undercover as an outfitter of hunting and fishing expeditions, pretended to be interested in hiring Tribble. Tribble expressed
interest to Barry in working as a hunting guide or a crew member on a fishing boat, but refused to begin work until after he received an expected disability retirement award, stating that to do
otherwise might jeopardize his benefits. Robin Blake of the DOL's Inspector General posed as a nurse conducting an OWCP-ordered medical evaluation of Tribble. She
examined and interviewed Tribble on October 23, 2003, shortly after 8
his deep-sea fishing expedition and his trip to remove his parents' hurricane debris. Tribble advised Blake that he could no longer
hunt or fish, could undertake physical activity for brief periods of time only, and had "been reduced to a couch potato." J.A. 311.
Tribble also informed Blake that he wanted to receive a disability retirement award, but not until December 5, 2003, when he would reach twenty years' employment with the USPS. Tribble sought
favorable treatment from Blake on his benefits claim, and told her that, if he did not receive it, he would complain that the claim had been handled in an inappropriate manner. 4. Tribble's evidence consisted primarily of testimony from
various medical personnel.
Dr. Albert Thomas, a pain management
specialist who examined Tribble in March of 2003, testified that Tribble suffered pain in his lower back and that he had recommended Tribble continue to observe light duty restrictions. Elaina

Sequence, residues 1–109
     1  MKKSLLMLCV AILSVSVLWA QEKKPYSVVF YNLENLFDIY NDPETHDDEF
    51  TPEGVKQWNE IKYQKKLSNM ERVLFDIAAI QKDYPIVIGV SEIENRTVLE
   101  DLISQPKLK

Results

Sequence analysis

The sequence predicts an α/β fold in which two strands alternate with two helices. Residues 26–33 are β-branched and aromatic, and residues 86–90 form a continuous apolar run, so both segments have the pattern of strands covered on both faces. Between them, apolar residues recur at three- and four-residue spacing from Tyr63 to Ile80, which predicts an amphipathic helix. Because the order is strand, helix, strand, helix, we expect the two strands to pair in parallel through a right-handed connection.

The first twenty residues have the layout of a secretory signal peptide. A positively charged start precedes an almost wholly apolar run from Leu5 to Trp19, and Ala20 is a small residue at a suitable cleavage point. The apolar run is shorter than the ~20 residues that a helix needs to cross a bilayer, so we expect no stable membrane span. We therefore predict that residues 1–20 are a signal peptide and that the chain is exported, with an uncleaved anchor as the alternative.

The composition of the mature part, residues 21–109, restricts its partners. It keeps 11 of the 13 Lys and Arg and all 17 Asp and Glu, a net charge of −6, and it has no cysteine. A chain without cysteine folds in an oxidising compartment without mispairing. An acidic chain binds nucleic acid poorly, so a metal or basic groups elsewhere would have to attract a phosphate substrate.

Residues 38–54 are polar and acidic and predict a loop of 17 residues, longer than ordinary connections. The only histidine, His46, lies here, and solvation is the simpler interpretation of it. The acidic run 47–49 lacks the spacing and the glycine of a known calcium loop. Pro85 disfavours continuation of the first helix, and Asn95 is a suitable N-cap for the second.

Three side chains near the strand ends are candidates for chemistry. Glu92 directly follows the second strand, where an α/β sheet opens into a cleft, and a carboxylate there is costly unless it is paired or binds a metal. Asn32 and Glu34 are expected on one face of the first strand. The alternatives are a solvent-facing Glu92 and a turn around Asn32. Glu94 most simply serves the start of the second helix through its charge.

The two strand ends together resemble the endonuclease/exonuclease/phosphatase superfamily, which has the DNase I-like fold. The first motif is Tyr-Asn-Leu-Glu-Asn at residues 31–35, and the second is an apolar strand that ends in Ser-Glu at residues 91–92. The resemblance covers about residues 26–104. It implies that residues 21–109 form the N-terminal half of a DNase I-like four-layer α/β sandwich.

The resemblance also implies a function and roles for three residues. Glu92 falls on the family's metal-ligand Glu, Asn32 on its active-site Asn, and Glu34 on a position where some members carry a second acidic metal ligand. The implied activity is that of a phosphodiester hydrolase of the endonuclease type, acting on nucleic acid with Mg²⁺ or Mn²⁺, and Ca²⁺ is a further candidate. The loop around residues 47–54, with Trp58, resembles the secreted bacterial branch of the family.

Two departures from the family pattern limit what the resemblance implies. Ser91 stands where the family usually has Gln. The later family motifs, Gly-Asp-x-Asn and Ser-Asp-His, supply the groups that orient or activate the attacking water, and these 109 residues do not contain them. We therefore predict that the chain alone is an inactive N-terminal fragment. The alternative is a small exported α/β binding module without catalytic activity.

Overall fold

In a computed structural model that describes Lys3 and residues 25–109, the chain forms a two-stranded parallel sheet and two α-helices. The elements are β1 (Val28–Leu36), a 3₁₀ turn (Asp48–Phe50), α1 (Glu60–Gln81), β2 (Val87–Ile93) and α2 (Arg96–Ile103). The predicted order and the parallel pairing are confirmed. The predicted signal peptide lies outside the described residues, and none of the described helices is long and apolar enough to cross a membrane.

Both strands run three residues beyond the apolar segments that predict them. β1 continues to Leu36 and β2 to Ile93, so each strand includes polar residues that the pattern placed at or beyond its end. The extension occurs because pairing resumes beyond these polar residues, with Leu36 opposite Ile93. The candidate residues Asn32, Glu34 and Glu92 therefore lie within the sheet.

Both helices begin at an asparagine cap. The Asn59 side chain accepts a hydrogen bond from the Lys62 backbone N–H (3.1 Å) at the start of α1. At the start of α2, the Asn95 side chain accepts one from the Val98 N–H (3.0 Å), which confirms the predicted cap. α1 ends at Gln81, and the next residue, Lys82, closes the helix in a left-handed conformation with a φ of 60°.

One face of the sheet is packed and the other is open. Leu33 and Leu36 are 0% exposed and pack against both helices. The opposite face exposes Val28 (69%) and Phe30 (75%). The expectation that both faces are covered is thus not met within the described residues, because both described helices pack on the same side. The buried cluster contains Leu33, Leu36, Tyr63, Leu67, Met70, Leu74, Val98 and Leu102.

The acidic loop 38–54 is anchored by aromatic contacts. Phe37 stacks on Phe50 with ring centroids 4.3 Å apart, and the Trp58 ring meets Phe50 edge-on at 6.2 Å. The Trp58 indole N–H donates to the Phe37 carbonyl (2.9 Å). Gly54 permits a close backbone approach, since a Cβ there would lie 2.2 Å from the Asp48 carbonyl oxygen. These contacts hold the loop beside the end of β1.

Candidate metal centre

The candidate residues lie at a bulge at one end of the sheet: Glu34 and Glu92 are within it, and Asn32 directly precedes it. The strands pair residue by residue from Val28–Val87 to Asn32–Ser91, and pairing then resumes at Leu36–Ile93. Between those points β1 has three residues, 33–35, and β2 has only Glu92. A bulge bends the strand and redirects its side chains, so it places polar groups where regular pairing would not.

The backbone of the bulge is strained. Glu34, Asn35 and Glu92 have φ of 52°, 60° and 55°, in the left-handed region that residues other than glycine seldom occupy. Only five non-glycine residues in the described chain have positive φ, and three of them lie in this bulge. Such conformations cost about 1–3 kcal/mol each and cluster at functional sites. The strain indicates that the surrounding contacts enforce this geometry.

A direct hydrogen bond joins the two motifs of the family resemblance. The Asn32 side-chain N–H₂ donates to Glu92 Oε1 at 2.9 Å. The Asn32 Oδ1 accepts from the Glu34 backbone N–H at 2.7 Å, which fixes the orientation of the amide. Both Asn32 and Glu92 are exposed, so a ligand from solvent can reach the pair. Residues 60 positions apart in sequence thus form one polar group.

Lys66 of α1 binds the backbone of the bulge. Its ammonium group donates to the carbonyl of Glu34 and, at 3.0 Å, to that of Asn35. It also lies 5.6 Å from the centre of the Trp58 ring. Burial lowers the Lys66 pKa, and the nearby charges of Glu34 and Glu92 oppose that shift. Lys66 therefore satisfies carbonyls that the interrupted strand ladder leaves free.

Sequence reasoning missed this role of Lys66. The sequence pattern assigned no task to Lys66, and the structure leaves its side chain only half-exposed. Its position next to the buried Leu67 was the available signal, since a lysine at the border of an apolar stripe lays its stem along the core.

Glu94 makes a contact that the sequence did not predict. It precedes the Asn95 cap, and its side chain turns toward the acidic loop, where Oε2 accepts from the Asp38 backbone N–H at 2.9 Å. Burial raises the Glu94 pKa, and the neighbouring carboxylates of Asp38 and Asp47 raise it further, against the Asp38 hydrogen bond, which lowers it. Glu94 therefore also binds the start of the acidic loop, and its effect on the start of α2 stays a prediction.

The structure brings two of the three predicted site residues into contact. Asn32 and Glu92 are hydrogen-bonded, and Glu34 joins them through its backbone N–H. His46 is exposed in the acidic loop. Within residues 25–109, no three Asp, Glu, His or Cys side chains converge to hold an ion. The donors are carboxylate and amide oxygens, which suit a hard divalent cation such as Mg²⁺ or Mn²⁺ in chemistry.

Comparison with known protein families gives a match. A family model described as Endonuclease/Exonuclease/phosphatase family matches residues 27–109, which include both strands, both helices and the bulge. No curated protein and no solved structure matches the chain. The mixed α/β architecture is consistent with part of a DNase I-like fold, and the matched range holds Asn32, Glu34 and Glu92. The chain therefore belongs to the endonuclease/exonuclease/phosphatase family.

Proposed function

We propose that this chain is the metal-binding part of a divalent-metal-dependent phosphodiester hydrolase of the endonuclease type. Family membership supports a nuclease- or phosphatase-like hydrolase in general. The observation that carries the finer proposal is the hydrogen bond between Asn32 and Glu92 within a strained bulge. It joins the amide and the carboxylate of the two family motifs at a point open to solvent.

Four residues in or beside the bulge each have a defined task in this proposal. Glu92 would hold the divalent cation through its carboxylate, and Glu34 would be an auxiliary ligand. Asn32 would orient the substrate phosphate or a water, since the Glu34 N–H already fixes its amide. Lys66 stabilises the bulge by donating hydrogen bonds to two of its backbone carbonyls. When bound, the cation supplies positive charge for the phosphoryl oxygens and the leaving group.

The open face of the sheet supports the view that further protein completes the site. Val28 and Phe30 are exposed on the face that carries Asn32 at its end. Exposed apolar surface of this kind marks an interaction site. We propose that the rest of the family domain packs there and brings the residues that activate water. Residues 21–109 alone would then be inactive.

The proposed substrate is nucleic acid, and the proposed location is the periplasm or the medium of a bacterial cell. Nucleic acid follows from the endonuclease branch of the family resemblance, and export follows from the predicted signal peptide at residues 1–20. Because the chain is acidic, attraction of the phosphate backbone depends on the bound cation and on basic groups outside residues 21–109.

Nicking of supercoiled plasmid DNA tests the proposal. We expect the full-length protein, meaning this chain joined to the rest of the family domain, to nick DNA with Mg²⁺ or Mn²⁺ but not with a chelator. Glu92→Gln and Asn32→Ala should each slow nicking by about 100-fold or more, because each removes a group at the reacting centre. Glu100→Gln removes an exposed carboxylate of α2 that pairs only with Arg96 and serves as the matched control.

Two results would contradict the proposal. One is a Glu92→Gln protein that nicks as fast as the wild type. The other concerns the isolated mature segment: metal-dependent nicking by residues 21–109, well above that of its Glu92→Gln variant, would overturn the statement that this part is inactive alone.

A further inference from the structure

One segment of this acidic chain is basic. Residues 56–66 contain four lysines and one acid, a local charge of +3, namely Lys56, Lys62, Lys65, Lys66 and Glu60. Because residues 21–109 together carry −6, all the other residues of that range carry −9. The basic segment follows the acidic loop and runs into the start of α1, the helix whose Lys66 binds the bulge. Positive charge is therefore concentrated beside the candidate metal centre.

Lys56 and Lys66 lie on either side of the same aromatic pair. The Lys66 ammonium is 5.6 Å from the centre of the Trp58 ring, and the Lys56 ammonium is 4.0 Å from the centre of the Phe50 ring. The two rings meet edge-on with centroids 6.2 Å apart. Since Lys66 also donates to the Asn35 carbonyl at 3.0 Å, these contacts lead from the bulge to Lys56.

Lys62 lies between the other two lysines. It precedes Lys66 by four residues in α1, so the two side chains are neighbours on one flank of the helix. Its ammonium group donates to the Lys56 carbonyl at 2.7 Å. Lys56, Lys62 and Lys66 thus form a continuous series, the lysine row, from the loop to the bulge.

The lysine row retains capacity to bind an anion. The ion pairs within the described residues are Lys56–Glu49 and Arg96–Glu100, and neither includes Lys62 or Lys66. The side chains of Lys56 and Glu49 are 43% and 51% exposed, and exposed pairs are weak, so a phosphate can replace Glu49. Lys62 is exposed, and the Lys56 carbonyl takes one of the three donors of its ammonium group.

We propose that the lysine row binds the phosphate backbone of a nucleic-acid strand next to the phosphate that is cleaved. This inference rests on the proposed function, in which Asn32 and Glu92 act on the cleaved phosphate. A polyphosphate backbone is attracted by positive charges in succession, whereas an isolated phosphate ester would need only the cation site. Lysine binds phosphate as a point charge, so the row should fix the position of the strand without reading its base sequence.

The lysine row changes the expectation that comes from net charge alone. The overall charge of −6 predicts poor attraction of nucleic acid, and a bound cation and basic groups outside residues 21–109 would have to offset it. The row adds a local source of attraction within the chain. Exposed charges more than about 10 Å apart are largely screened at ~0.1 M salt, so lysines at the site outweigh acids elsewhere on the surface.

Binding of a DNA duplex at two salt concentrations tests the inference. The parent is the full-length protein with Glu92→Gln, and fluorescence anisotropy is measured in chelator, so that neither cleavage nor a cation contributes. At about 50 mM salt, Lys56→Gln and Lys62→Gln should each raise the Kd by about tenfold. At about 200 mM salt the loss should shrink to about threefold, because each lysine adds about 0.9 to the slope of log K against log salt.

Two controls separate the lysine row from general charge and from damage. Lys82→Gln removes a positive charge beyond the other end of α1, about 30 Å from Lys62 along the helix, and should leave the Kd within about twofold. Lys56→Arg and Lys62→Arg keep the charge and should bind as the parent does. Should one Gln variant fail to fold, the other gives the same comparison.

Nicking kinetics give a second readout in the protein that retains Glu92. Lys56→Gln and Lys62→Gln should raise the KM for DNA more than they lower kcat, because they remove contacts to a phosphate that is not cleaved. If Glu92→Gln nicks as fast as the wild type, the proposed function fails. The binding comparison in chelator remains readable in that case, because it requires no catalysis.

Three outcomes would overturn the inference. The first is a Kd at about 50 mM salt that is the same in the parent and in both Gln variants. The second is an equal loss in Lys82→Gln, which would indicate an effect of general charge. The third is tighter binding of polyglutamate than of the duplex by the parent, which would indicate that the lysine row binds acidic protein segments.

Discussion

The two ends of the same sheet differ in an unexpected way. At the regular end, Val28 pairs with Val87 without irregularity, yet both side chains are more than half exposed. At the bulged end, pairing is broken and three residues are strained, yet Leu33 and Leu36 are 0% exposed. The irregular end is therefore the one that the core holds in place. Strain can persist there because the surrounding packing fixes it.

Putrello, a physical therapist who examined Tribble in February of 2004, testified that he could lift, push, pull, and carry less at the time she examined him than he could in 1999. Dr. Belote,
Tribble's primary care physician, testified that Tribble's physical condition had declined from 1999 to 2004, and that even if Tribble could occasionally drive forty-five minutes or more, he was unable to do so on a daily basis.
5. Tribble's constructive amendment and prejudicial variance contentions are first raised on appeal, not having been presented to the district court and preserved at trial. As a result, two
aspects of the trial proceedings that were peripheral at the time are now more significant. First, in his opening statement, the
prosecutor, Assistant United States Attorney ("AUSA") Camilletti, discussed the issue of whether Tribble had suffered a work-related injury, stating as follows: Some of you are going to decide [Tribble] received a work related injury, and that's fine. Some of you are going to decide he didn't get any injury, and that's fine. What the Government is saying is that Mr. Tribble can get himself to work. And we're going to put on evidence to convince you that he can get himself to work. J.A. 55. Second, during the presentation of the Government's case, another prosecutor, AUSA Morgan, questioned John Peters, Tribble's former supervisor at the Dulles facility, regarding the
circumstances surrounding Tribble's injury.
Morgan first asked
about a letter Tribble had been presented around the time he was injured, notifying him that he could be terminated for chronic absenteeism. letter. Peters responded that Tribble refused to accept the
When the letter was admitted into evidence, the following
exchange ensued: Q: A: The defendant was injured at the [Dulles] center? No, he was not.